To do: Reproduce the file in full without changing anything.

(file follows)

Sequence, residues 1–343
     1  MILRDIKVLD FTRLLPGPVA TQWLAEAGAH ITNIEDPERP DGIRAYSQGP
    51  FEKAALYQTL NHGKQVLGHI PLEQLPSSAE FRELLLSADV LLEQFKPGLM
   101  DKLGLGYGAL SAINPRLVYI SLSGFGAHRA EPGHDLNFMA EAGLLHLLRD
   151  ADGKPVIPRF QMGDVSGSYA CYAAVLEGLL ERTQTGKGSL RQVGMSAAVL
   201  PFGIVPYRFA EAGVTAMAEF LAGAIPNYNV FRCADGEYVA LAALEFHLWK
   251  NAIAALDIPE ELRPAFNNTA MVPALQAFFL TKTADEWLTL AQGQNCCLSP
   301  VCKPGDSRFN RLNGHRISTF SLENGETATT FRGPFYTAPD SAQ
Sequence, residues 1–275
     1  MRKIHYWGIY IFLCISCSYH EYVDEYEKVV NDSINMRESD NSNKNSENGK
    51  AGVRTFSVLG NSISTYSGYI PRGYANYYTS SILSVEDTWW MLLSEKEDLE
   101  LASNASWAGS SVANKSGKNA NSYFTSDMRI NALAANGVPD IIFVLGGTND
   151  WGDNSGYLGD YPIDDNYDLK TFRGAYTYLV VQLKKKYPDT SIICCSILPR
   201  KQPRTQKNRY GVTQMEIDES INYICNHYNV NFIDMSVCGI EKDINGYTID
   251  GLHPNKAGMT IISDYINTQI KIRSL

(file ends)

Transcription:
Sequence, residues 1–343
     1  MILRDIKVLD FTRLLPGPVA TQWLAEAGAH ITNIEDPERP DGIRAYSQGP
    51  FEKAALYQTL NHGKQVLGHI PLEQLPSSAE FRELLLSADV LLEQFKPGLM
   101  DKLGLGYGAL SAINPRLVYI SLSGFGAHRA EPGHDLNFMA EAGLLHLLRD
   151  ADGKPVIPRF QMGDVSGSYA CYAAVLEGLL ERTQTGKGSL RQVGMSAAVL
   201  PFGIVPYRFA EAGVTAMAEF LAGAIPNYNV FRCADGEYVA LAALEFHLWK
   251  NAIAALDIPE ELRPAFNNTA MVPALQAFFL TKTADEWLTL AQGQNCCLSP
   301  VCKPGDSRFN RLNGHRISTF SLENGETATT FRGPFYTAPD SAQ
Sequence, residues 1–275
     1  MRKIHYWGIY IFLCISCSYH EYVDEYEKVV NDSINMRESD NSNKNSENGK
    51  AGVRTFSVLG NSISTYSGYI PRGYANYYTS SILSVEDTWW MLLSEKEDLE
   101  LASNASWAGS SVANKSGKNA NSYFTSDMRI NALAANGVPD IIFVLGGTND
   151  WGDNSGYLGD YPIDDNYDLK TFRGAYTYLV VQLKKKYPDT SIICCSILPR
   201  KQPRTQKNRY GVTQMEIDES INYICNHYNV NFIDMSVCGI EKDINGYTID
   251  GLHPNKAGMT IISDYINTQI KIRSL